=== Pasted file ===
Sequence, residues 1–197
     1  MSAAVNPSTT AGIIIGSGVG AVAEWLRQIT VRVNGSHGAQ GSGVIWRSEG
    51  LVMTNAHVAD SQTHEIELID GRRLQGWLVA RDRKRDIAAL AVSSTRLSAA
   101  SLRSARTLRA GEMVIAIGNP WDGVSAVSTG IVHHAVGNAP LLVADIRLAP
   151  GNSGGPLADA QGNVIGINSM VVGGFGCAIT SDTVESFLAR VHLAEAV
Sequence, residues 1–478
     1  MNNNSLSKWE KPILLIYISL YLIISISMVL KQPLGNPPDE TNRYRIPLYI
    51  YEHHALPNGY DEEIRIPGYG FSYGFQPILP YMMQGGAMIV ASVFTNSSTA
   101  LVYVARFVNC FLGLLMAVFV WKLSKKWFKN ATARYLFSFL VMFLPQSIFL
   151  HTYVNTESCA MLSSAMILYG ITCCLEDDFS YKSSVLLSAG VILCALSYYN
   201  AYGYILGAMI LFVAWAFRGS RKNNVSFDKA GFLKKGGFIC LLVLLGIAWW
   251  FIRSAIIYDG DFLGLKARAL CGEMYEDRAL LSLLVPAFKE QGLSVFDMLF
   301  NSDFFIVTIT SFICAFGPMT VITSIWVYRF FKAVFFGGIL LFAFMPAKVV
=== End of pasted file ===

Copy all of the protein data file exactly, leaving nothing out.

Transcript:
Sequence, residues 1–197
     1  MSAAVNPSTT AGIIIGSGVG AVAEWLRQIT VRVNGSHGAQ GSGVIWRSEG
    51  LVMTNAHVAD SQTHEIELID GRRLQGWLVA RDRKRDIAAL AVSSTRLSAA
   101  SLRSARTLRA GEMVIAIGNP WDGVSAVSTG IVHHAVGNAP LLVADIRLAP
   151  GNSGGPLADA QGNVIGINSM VVGGFGCAIT SDTVESFLAR VHLAEAV
Sequence, residues 1–478
     1  MNNNSLSKWE KPILLIYISL YLIISISMVL KQPLGNPPDE TNRYRIPLYI
    51  YEHHALPNGY DEEIRIPGYG FSYGFQPILP YMMQGGAMIV ASVFTNSSTA
   101  LVYVARFVNC FLGLLMAVFV WKLSKKWFKN ATARYLFSFL VMFLPQSIFL
   151  HTYVNTESCA MLSSAMILYG ITCCLEDDFS YKSSVLLSAG VILCALSYYN
   201  AYGYILGAMI LFVAWAFRGS RKNNVSFDKA GFLKKGGFIC LLVLLGIAWW
   251  FIRSAIIYDG DFLGLKARAL CGEMYEDRAL LSLLVPAFKE QGLSVFDMLF
   301  NSDFFIVTIT SFICAFGPMT VITSIWVYRF FKAVFFGGIL LFAFMPAKVV